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Mortal and Venial Sin

Mortal and Venial Sin

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Mortal and Venial Sin

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  1. Mortal and Venial Sin

  2. Distinction-The Destruction of Charity:The Form of the Virtues • 1854Sins are rightly evaluated according to their gravity. The distinction between mortal and venial sin, already evident in Scripture, became part of the tradition of the Church. It is corroborated by human experience. • 1855 Mortal sin destroys charity in the heart of man by a grave violation of God's law; it turns man away from God, who is his ultimate end and his beatitude, by preferring an inferior good to him. • Venial sin allows charity to subsist, even though it offends and wounds it. • 1856 Mortal sin, by attacking the vital principle within us - that is, charity - necessitates a new initiative of God's mercy and a conversion of heart which is normally accomplished within the setting of the sacrament of reconciliation: • When the will sets itself upon something that is of its nature incompatible with the charity that orients man toward his ultimate end, then the sin is mortal by its very object . . . whether it contradicts the love of God, such as blasphemy or perjury, or the love of neighbor, such as homicide or adultery. . . . But when the sinner's will is set upon something that of its nature involves a disorder, but is not opposed to the love of God and neighbor, such as thoughtless chatter or immoderate laughter and the like, such sins are venial.130

  3. Mortal Sin • 1858 Grave matter is specified by the Ten Commandments, corresponding to the answer of Jesus to the rich young man: "Do not kill, Do not commit adultery, Do not steal, Do not bear false witness, Do not defraud, Honor your father and your mother."132 The gravity of sins is more or less great: murder is graver than theft. One must also take into account who is wronged: violence against parents is in itself graver than violence against a stranger. • 1859 Mortal sin requires full knowledge and complete consent. It presupposes knowledge of the sinful character of the act, of its opposition to God's law. It also implies a consent sufficiently deliberate to be a personal choice. Feigned ignorance and hardness of heart133 do not diminish, but rather increase, the voluntary character of a sin. • 1860 Unintentional ignorance can diminish or even remove the imputability of a grave offense. But no one is deemed to be ignorant of the principles of the moral law, which are written in the conscience of every man. The promptings of feelings and passions can also diminish the voluntary and free character of the offense, as can external pressures or pathological disorders. Sin committed through malice, by deliberate choice of evil, is the gravest.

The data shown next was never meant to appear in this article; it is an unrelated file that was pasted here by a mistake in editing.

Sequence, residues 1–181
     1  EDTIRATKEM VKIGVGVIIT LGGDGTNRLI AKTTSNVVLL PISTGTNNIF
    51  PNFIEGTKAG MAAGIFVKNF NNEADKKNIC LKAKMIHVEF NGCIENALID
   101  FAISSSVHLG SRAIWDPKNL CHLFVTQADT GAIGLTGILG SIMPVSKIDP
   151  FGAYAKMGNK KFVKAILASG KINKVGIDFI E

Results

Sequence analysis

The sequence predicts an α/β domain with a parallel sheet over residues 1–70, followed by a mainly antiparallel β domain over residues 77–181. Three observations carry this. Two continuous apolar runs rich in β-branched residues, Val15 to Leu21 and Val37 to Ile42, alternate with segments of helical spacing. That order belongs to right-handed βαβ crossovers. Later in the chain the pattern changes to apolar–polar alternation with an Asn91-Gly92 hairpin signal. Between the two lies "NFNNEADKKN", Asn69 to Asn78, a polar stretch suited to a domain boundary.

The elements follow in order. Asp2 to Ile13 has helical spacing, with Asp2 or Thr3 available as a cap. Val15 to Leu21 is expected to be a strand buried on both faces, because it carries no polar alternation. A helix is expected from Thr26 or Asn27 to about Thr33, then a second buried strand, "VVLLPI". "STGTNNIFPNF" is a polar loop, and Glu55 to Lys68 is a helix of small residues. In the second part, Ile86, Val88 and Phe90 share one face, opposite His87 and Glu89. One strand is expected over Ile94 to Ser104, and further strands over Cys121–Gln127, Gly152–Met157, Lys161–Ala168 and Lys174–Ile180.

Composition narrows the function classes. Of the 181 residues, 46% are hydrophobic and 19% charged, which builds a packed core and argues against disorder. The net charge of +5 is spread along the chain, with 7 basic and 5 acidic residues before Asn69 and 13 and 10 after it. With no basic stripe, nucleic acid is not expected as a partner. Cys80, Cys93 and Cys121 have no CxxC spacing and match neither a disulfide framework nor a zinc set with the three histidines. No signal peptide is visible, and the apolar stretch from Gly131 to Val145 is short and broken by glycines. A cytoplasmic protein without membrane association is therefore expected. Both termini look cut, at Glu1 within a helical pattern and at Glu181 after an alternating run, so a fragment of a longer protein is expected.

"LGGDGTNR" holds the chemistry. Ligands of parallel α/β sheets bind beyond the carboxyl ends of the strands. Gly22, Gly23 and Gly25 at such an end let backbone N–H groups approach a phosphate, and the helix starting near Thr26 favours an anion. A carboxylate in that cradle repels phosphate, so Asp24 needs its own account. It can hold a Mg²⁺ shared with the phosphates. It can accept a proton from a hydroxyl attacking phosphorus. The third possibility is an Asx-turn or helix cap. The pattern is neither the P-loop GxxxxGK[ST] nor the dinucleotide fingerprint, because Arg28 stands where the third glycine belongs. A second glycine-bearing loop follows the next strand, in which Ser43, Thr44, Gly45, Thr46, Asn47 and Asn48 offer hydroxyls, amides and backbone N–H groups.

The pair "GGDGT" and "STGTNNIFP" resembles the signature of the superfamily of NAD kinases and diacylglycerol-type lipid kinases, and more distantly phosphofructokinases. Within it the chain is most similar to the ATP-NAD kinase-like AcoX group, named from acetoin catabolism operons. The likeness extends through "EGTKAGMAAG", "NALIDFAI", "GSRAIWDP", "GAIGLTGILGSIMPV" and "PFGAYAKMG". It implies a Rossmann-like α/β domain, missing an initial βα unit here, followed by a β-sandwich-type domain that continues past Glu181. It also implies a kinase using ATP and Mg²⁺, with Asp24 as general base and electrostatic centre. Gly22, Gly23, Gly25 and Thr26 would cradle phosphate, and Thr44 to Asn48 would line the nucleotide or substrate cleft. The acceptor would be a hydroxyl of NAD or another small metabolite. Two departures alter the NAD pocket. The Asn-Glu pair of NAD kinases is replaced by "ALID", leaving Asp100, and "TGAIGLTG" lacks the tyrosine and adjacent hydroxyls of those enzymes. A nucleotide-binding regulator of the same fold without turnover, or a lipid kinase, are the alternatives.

4. Grave Matter • In itself • Or in the opinion of the one who commits it • It must include a turning away from God and the substitution of a created good as the Last End • Identified • by moral law as something seriously displeasing to God • Right reason shows that it does great injury to the rights of God, society, neighbor, oneself

  5. Grave • When the good injured is infinite and indivisible • Heresy, despair, simony • Or a finite good of the greatest importance • Murder • Grave from the character of the act but with exceptions • It can be finite and divisible • A slight irreverence • Theft of a small amount

  6. Advertence of the Intellect • Full advertence • Wide awake, full faculties, not distracted • Ex., half-asleep, under influence of drugs, mentally confused by anxiety or pain • No full advertence to the gravity of the act • Children, uninstructed • Not thinking of what one does at the moment of sinfulness • Signs of partial advertence • One can hardly recall what happened • One cannot be sure of one’s state of mind at the time

  7. Advertence • Does not require long deliberation • Sufficient that the act begins with advertence • One does not have to understand precisely the nature of the malice • One does not have to choose deliberately the malice in the act; suffices that one is conscious of it (does not have to have a reflexive knowledge of the awareness of the malice) • One does not have to think about the consequences

  8. Full Consent • Consent is full when there has been full advertence and no forceful compulsion • Indications that consent is not full • At the time of sin the person recoiled from the sinful suggestion; he had a hatred of it as soon as it was perceived or was saddened at the temptation • If before the sin the person was of tender conscience and had a habitual horror of grave sin • If after the sin the person was conscious of the sin but had doubts as to whether consent was given

  9. Fundamental Option • Distinguished from deliberate choices • Fundamental Option • Not a specific and conscious decision • Transcendental and athematic • Deliberate Choices • Partial attempt to express the option • Pertains only to particular goods, never to absolute Good

  10. Other distinctions • Transcendental: good and evil • Depends on will • Morally assessed • Categorical: right and wrong • Premoral or physical goods • Technical calculation of proportion between this type of goods and evils • Merely physical process

  11. Critique of JPII • FO is contrary to SS • Links fundamental choice to particular acts • Gal 5:13 • Exercised in concrete, conscious and free judgments • Contradicts the integrity of the person, body and soul • Rational finality in man’s acting • Choice is always a reference to good and evil indicated by natural law